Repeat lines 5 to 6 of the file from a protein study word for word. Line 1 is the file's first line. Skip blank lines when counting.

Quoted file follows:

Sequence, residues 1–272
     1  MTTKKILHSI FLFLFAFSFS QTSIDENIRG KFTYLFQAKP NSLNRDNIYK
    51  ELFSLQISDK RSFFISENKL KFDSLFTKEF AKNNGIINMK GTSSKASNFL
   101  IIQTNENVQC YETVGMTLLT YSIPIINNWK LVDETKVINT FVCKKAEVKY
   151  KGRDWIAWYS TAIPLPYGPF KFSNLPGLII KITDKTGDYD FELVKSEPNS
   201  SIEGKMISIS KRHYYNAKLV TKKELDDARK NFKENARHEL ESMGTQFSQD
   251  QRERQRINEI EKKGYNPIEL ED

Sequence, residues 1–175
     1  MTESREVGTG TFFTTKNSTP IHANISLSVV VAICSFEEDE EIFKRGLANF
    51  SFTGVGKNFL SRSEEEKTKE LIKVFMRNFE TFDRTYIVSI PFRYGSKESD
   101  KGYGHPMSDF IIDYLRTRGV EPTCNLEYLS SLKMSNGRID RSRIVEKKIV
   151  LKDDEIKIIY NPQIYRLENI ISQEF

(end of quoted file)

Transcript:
   151  KGRDWIAWYS TAIPLPYGPF KFSNLPGLII KITDKTGDYD FELVKSEPNS
   201  SIEGKMISIS KRHYYNAKLV TKKELDDARK NFKENARHEL ESMGTQFSQD